The self report incorporates questions from the 2018 Australian Institute of Health and Welfare (AIHW) National Survey of Children in OOHC, that measure:
As children get older and can express themselves, their feelings of personal safety and security should be incorporated into the report’s safety measures.
Children and young people should have relationships with adults they can talk to about mistreatment, and behaviours, plans or environments that expose them to risk.
Another area of concern for child safety is injury, whether unintended, accidental or non-accidental. Although all children and young people are at some risk of injury, asking about it can help us prevent certain environmental and behavioural risks.
We can learn more about risky environments and behaviours by asking about a child or young person about the presence of concerned and caring adults, and obtaining information about their risk-taking behaviour.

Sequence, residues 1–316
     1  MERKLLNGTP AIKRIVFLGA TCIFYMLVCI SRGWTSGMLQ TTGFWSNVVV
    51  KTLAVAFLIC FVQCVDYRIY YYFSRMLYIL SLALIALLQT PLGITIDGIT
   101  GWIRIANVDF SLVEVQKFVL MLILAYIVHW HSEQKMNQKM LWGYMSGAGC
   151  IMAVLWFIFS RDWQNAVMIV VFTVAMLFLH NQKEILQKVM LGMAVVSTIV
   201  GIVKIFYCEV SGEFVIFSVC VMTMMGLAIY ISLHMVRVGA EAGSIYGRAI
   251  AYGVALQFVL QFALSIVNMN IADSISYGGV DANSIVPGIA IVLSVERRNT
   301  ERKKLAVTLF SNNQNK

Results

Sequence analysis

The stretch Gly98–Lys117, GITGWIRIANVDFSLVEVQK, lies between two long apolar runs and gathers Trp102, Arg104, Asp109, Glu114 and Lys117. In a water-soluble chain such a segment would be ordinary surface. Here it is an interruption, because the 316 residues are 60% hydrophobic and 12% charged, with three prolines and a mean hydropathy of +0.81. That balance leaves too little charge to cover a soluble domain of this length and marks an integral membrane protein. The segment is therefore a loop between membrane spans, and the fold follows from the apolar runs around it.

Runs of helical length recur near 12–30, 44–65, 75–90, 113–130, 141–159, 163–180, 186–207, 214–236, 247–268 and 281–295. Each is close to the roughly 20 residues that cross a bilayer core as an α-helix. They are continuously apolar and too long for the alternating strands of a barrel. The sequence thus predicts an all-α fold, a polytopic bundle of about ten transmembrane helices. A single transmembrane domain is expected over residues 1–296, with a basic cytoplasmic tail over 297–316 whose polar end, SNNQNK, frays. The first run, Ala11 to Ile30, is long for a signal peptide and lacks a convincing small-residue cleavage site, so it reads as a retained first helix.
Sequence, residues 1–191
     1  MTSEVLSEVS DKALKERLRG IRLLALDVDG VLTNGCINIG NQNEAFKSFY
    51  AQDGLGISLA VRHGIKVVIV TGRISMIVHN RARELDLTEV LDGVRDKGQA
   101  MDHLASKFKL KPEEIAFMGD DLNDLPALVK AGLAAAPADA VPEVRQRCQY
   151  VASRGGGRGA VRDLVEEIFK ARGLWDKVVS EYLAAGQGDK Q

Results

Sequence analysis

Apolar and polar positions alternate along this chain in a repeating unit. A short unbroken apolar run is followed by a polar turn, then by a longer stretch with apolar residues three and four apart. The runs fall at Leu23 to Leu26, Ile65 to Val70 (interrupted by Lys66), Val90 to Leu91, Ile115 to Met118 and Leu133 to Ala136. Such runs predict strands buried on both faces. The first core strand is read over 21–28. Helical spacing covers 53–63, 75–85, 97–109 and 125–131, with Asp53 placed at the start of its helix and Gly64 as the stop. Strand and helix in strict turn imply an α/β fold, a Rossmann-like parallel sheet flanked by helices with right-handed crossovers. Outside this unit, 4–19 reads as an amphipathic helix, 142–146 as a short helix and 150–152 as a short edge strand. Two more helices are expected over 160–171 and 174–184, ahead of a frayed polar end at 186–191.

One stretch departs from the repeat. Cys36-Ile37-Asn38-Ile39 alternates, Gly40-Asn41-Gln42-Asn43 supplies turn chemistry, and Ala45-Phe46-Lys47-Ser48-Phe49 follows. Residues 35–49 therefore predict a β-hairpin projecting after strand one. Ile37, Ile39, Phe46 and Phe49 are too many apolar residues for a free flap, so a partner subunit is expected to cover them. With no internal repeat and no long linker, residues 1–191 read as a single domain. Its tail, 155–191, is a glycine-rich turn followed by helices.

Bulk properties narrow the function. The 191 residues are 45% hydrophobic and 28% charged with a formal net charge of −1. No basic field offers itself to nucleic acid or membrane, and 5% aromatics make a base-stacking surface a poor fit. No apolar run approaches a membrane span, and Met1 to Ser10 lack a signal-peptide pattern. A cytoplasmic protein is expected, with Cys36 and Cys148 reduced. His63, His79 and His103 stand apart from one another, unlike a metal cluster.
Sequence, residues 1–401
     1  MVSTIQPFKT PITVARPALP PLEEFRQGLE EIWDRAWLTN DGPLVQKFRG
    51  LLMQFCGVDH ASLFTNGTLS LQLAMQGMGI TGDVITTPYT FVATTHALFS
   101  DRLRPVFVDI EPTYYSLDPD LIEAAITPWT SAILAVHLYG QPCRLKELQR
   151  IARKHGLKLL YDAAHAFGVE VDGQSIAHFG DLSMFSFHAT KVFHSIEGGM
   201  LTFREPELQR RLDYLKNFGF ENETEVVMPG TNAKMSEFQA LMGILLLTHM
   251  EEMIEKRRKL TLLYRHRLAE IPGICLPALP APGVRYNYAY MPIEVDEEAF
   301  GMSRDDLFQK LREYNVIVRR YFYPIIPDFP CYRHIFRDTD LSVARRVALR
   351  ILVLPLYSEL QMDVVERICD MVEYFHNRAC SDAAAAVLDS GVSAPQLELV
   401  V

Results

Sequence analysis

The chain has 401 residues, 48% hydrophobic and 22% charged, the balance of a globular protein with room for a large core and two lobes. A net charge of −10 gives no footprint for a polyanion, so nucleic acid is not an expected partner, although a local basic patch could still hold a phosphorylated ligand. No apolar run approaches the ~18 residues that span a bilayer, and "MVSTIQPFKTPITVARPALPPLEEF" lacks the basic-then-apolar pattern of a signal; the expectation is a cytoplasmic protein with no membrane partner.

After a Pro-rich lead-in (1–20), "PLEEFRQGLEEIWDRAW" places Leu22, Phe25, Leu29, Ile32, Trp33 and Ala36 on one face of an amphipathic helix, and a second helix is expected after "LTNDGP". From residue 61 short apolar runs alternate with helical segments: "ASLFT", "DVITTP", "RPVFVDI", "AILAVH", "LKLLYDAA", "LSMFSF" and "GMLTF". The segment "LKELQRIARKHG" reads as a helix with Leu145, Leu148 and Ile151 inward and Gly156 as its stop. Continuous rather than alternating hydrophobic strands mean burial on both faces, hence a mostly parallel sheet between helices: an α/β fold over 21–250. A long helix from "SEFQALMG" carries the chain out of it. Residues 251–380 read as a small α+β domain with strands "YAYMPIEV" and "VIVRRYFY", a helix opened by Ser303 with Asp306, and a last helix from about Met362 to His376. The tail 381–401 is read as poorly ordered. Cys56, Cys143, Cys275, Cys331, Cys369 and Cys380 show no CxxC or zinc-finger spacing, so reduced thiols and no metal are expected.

We’ve looked at the relevance of the NSW FACS Pathways of Care Longitudinal Study (POCLS) to QAF objectives, and selected some of its questions for inclusion in the QAF self report.
The majority of these questions are either standardised measures or validated and reliable scales and questions that are used in other surveys such as the Australian Institute of Health and Welfare (AHIW) National Survey of Children in Out Of Home Care, Longitudinal Study of Australian Children (LSAC), NSW School Students Health Behaviour Survey, and the Australian Institute of Family Studies (AIFS) Survey Beyond 18.
Adopting these questions gives us a valid and reliable means of measuring individual wellbeing over time, and provides benchmarks for the general population.